A green card is a permit that allows a foreigner to permanently live and work in the country. It is also one of the requirements for you to become a US citizen through naturalization, wherein you need to be a green card holder for a certain number of years.

In the case of Pike, she waited six years from the time that she acquired her green card to apply for citizenship in 2020. After being interviewed and taking her oath of allegiance in March of the following year, she finally became a full-fledged American citizen.

Pike said that the journey was filled with challenges.

"Noong nagmove ako dito, ako lang mag-isa. Wala akong family. Wala akong kakilala, [I was] culture shocked, so I had to seek out ways to really adjust sa buhay dito sa America. And then right after that, yun na yung process na maghahanap ka ng trabaho, makikisama ka sa ibang lahi," Pike said.

"During that time, I was also establishing a family, so I had to grow up right away kasi bunso ako eh, and I’m so used to my siblings helping me out, na gina-guide nila ako, and then all of a sudden I was thrown into this big responsibility," she added.

But the most difficult point in her journey was when both of her parents died yet she couldn't even go home to attend their wake.

"Namatay both parents ko, hindi ako nakauwi. Sobrang hirap noon. Being the youngest, sobrang hirap 'yun for me. And then hindi rin sila maka-travel kasi both of them were already old at the time, so hindi rin nila nakita yung mga apo nila," Pike said.

"'Yun talaga yung pinakamahirap, yung nagkasakit at namatay yung parents ko, pero hindi ako makauwi. Biggest struggle ko 'yun," she emphasized.

Celebration made more special

Even after waiting for 14 years, Pike's hard-earned feat did not seem as celebratory as it should be because of the COVID-19 pandemic. As Anderson puts it, the ceremony became merely a "jury duty" and was "not as great as it used to be."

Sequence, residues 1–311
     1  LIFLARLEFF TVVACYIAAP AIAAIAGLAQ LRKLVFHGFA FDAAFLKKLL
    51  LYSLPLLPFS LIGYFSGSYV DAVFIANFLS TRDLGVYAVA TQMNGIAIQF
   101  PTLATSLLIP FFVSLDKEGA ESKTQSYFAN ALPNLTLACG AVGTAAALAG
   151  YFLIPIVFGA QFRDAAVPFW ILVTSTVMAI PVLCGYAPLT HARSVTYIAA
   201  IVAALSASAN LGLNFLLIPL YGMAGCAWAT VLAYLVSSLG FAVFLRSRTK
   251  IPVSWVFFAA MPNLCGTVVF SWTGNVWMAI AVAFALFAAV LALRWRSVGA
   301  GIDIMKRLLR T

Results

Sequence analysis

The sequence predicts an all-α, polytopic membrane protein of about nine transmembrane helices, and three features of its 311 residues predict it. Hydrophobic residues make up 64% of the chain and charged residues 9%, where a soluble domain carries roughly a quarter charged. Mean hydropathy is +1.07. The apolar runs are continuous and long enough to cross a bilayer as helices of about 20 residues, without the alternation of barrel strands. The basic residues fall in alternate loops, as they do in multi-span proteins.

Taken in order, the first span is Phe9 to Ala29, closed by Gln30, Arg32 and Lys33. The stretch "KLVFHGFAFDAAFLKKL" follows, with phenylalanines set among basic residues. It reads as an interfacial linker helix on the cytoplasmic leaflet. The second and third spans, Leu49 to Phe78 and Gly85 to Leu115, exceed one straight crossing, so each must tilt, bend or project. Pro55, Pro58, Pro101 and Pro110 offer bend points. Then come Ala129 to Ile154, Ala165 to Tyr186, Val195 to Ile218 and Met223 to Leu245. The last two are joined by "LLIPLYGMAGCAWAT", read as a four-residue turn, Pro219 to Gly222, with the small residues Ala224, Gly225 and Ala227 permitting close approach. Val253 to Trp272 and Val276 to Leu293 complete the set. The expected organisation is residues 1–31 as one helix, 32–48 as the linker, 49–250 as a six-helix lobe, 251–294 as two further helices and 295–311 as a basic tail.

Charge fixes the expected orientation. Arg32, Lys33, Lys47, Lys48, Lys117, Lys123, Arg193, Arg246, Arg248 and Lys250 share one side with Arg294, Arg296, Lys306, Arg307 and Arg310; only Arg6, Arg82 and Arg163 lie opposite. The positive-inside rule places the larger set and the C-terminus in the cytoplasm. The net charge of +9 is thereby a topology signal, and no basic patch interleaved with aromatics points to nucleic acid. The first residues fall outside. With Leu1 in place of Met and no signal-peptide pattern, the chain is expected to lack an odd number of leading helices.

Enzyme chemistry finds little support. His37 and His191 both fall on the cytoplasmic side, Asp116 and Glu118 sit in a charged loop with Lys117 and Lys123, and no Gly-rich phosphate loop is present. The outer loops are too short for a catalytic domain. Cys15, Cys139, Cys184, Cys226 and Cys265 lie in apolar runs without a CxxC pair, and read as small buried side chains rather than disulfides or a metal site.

For Pike,  the ceremony felt rushed and she did not get to truly appreciate the moment.

"Talagang ang bilis. Siguro 'yung pila going in ay mga 30 minutes, pero yung actual ceremony, it only took mga five minutes. Kinuha lang lahat nung ID namin, which is yung work permit and green card, then binigyan nila kami nung certificate, binigyan ng flag, pinag-oath, and then 'yun na, that’s it," she said.

However, months after her oath-taking, Pike was suddenly contacted by a producer from Jimmy Kimmel Live! asking if she would be willing to be featured in their upcoming segment that aims to give a grand celebration to new citizens.

After dozens of rescheduling, the segment finally came to fruition, and when the K-pop-loving nurse walked into the stage and heard the crowd cheering for her, she initially thought that she was just dreaming.

"Parang hindi ko maisip. It’s US TV, hindi siya ordinary. Nung turn ko na, parang ‘oh my gosh, totoo na ba ito? Is this actually happening?’ Kasi sino ba ako para mapili dito? Pero I just savored the moment, it was really nice and at the same time sobrang happy ko talaga kasi it’s a network-produced TV show, so big deal siya all over the US tapos pinapakita din all over the world," she said.

"Hindi siya Manny Pacquiao level, pero feeling ko narepresent ko 'yung Pilipinas. Hindi naman ganun kakilala 'yung country natin for some. To really represent that, sobrang happy ko at hindi ko makakalimutan yung experience na 'yun," she added.

Pike advised those who are aspiring to be citizens of another country to never give up and always have a focused mind.

"Anybody who dreams of coming to the US can actually make that dream happen. You just have to work for it and focus. Naniniwala ako sa vision board, na kung ano 'yung iniisip ko, pwedeng mangyari if I set my mind and heart na it will happen. And lots and lots of prayers talaga, 'yun 'yung nagpatibay ng loob ko dito sa America," she said.